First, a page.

We had been trying to get pregnant for four months when Bill’s mother died.
A year before Bill and I got married she had been diagnosed with a progressive lung disease called pulmonary fibrosis. It’s a rare disease and I wouldn’t be surprised if you’ve never heard of it. But it kills as many people as breast cancer. There is no cure for PF and there aren’t a lot of effective treatments.
Still, she’d been living with it for six years. We’d gotten used to the disease and took her health for granted because she had been holding steady for such a long time. But then, very abruptly, she declined. We didn’t have a lot of time to wrap our heads around what was happening. She went into the ICU. Then she went to hospice. We were under the impression that she might have a few more months left. All of us, her children and their spouses and children, went up to spend Easter at the hospice facility. We dressed the kids up and laughed and smiled and enjoyed each other’s company. Then we all went home. The next day Bill’s dad called to say we needed to hurry back because she was dying.
This is a demarcation point in our lives. There’s before and there’s after. It was freaking awful. Bill was in the room with her when she went and I came in seconds after. And then came the weeks and months afterward. Bill was wrecked. Gutted. I was grieving too. I loved her and I missed her but I was also scared to lose my husband. I was afraid he’d never be okay again.
And then there was our future as a family. Should we stop trying for now? We talked about it very seriously but ultimately we both agreed that she would not want us to put having more kids on hold. So I started praying, every single day, that God would give us a baby. A baby would make all of this grief more bearable. Because grief is so excruciating. The absence of a person so pivotal in your life is brutal. It’s a jagged hole. I begged. Please, God, please. Give us a baby to make this hurt less. But babies aren’t supposed to be born with a job.
I had my annual OBGYN appointment in October of that year. It hadn’t been quite a year yet since we started trying but almost. Ten months. So I told my doctor that we’d been trying without success and I was worried. Considering the loss we’d gone through my doctor wasn’t too concerned. She told me to come back in three months if we still weren’t pregnant.
Which of course we weren’t. We were 13 months in and I was panicking. Gemma was going to be four soon. FOUR! I still cared about an “ideal age gap” back then. This was when we were evaluated. Up one side and down the other. I felt sick to my stomach and I just knew they would find something wrong. But nope. Sperm? Plentiful, well formed and excellent swimmers. Eggs were quality, in great supply and released in a timely fashion every month. They couldn’t find anything wrong. This, they told us, was a case of unexplained secondary infertility.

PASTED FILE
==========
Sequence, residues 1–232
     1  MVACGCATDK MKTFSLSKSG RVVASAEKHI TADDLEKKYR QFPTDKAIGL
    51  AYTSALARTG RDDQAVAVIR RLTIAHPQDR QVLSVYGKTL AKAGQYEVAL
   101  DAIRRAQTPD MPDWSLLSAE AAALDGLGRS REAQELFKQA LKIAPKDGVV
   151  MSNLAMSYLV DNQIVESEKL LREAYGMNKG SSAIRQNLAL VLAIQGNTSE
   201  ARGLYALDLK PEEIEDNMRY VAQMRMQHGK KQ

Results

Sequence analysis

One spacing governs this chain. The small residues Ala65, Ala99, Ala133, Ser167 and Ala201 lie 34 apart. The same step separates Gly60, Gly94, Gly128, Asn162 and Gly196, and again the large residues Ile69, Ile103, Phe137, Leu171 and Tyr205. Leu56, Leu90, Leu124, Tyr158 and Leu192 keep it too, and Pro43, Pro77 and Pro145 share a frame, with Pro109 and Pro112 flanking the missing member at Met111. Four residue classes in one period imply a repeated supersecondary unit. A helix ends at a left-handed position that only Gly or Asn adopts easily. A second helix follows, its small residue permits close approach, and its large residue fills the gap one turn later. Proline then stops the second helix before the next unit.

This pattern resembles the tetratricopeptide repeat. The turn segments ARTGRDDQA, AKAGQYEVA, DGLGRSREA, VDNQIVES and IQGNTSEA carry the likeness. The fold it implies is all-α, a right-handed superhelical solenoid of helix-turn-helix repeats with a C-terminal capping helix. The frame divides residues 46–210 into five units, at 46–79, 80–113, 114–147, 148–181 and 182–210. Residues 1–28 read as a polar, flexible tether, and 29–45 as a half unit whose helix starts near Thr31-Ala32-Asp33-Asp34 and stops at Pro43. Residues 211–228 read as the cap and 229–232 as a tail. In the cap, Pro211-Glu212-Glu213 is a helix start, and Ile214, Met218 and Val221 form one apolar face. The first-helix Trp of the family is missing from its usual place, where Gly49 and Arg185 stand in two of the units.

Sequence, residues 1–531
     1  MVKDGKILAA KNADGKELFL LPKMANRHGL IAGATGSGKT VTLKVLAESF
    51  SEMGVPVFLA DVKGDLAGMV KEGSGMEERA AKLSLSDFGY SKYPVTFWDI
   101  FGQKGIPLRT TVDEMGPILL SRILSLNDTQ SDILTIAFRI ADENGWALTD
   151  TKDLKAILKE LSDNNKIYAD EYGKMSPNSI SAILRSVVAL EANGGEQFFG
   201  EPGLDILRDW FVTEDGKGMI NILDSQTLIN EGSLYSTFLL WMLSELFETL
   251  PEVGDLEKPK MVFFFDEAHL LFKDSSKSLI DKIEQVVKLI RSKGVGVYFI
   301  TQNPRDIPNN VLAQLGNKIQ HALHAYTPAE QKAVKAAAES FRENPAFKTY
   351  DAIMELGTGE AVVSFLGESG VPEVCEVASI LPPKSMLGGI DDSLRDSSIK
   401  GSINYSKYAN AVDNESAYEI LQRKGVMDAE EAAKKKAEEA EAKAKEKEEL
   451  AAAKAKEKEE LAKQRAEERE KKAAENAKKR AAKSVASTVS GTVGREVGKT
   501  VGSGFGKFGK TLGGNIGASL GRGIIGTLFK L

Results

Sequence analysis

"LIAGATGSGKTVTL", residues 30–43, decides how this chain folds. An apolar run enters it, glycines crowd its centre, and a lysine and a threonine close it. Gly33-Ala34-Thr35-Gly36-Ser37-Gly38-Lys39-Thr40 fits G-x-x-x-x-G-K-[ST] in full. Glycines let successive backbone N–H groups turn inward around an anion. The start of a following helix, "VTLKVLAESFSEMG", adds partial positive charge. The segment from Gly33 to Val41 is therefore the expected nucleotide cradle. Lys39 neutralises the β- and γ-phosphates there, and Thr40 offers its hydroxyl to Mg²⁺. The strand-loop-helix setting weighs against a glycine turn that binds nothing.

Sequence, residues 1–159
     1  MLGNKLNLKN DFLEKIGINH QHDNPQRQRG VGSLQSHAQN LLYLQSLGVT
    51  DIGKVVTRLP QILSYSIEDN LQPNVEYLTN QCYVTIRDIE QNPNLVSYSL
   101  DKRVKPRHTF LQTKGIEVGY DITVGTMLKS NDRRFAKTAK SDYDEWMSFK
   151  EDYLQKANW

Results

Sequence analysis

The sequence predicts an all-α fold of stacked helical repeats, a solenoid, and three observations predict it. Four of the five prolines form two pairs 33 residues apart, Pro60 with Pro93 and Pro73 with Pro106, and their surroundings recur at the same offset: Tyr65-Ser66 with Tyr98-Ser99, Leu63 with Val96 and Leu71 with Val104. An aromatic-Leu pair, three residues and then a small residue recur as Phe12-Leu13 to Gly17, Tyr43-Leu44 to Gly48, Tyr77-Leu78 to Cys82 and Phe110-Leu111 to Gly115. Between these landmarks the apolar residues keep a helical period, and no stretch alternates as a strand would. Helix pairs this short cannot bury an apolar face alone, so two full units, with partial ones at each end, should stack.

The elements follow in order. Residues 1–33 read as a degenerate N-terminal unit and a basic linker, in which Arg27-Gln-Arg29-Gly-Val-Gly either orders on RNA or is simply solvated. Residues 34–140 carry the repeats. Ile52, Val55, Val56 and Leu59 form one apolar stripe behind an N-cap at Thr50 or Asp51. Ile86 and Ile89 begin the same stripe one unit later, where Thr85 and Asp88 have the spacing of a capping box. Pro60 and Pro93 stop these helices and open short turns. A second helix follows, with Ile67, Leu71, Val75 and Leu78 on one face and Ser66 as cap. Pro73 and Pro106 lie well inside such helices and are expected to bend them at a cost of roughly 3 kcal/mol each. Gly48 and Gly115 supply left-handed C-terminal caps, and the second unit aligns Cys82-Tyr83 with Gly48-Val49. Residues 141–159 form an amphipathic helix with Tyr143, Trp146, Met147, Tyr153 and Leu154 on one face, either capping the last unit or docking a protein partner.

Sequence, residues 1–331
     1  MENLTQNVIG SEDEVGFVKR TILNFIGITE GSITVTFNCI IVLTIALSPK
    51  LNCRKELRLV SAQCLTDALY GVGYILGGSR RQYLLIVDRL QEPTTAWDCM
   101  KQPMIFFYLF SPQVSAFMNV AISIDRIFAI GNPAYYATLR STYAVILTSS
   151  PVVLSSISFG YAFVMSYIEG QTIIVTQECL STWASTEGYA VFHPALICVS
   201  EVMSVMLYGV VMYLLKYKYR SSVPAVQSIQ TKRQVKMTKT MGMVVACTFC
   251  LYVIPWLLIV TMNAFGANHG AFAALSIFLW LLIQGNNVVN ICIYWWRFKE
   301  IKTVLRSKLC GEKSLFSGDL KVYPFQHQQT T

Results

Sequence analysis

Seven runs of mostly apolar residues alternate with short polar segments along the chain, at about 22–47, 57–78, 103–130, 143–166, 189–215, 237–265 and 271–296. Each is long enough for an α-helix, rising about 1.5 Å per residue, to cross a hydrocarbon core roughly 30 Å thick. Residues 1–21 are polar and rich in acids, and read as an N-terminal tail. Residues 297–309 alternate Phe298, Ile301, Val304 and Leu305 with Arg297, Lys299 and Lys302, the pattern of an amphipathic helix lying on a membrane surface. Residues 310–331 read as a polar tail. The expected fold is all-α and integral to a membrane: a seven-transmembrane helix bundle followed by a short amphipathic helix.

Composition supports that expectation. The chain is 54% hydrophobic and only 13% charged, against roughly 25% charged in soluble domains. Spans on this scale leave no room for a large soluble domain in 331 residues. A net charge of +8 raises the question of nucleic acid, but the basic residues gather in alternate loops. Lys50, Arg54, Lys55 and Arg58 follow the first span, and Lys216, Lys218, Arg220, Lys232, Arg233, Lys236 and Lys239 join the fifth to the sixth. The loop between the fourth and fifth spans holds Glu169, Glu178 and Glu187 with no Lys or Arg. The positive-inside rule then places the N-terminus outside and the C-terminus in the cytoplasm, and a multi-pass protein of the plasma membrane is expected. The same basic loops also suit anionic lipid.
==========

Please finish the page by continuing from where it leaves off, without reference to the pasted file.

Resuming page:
It’s an ugly state of limbo. You can’t get pregnant. Or can you? Technically you can. But you haven’t. So now what?
I couldn’t believe this was happening to us. I had looked forward to 2015 as a year of joyful possibility. I thought I would end the year holding a baby or pregnant. Instead it was over and we’d experienced devastating loss and we were no closer to growing our family than when we’d first started.
So we went to the SPCA and rescued a dog.
She was a year old, potty trained, spayed, micro-chipped and the only one in the building who wasn’t barking. Sold. Gemma named her Rapunzel and she made everything just a little bit better. There’s no better place to shed tears than into the soft fur of a dog who loves you.
The doctor put me on Clomid. The idea behind it was that it would help us time our intercourse more precisely and maybe give my ovaries an extra boost. We were on that for five months. We knew I was ovulating because they checked every month. But nothing. Nothing.
We were closing in on two years and I was a pressure cooker of emotions. Fear. Powerlessness. Hopelessness. Anger. Jealousy. Betrayal. Guilt. Confusion. Depression. Loneliness. Up and down, up and down on a cycle, an actual CYCLE that happened in MY BODY every single month. We had a little girl who was becoming more aware every day that there was something peculiar about being the only kid in her preschool class without a brother or sister. And we were running out of time! Gemma would be too old. The age difference would be too big. If it even happened at all. Full. Blown. Panic.
The things I used to care about. They seem very silly now.